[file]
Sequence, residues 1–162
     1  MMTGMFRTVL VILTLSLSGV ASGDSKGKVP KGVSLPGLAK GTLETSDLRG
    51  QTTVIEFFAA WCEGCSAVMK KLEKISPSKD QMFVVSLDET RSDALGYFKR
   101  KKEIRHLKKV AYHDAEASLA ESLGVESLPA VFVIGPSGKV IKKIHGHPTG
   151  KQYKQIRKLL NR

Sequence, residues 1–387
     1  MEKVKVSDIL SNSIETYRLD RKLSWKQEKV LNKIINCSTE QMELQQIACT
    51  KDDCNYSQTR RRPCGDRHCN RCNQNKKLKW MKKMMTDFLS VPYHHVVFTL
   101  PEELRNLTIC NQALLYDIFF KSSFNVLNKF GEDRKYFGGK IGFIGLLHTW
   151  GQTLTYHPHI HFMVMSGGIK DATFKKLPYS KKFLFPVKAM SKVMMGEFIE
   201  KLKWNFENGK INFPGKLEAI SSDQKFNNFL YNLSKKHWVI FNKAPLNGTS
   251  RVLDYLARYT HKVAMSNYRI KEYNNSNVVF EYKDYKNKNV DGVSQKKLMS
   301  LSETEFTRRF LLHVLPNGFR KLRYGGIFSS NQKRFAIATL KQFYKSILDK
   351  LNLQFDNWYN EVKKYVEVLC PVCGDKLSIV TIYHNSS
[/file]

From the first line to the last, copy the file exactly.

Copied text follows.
Sequence, residues 1–162
     1  MMTGMFRTVL VILTLSLSGV ASGDSKGKVP KGVSLPGLAK GTLETSDLRG
    51  QTTVIEFFAA WCEGCSAVMK KLEKISPSKD QMFVVSLDET RSDALGYFKR
   101  KKEIRHLKKV AYHDAEASLA ESLGVESLPA VFVIGPSGKV IKKIHGHPTG
   151  KQYKQIRKLL NR

Sequence, residues 1–387
     1  MEKVKVSDIL SNSIETYRLD RKLSWKQEKV LNKIINCSTE QMELQQIACT
    51  KDDCNYSQTR RRPCGDRHCN RCNQNKKLKW MKKMMTDFLS VPYHHVVFTL
   101  PEELRNLTIC NQALLYDIFF KSSFNVLNKF GEDRKYFGGK IGFIGLLHTW
   151  GQTLTYHPHI HFMVMSGGIK DATFKKLPYS KKFLFPVKAM SKVMMGEFIE
   201  KLKWNFENGK INFPGKLEAI SSDQKFNNFL YNLSKKHWVI FNKAPLNGTS
   251  RVLDYLARYT HKVAMSNYRI KEYNNSNVVF EYKDYKNKNV DGVSQKKLMS
   301  LSETEFTRRF LLHVLPNGFR KLRYGGIFSS NQKRFAIATL KQFYKSILDK
   351  LNLQFDNWYN EVKKYVEVLC PVCGDKLSIV TIYHNSS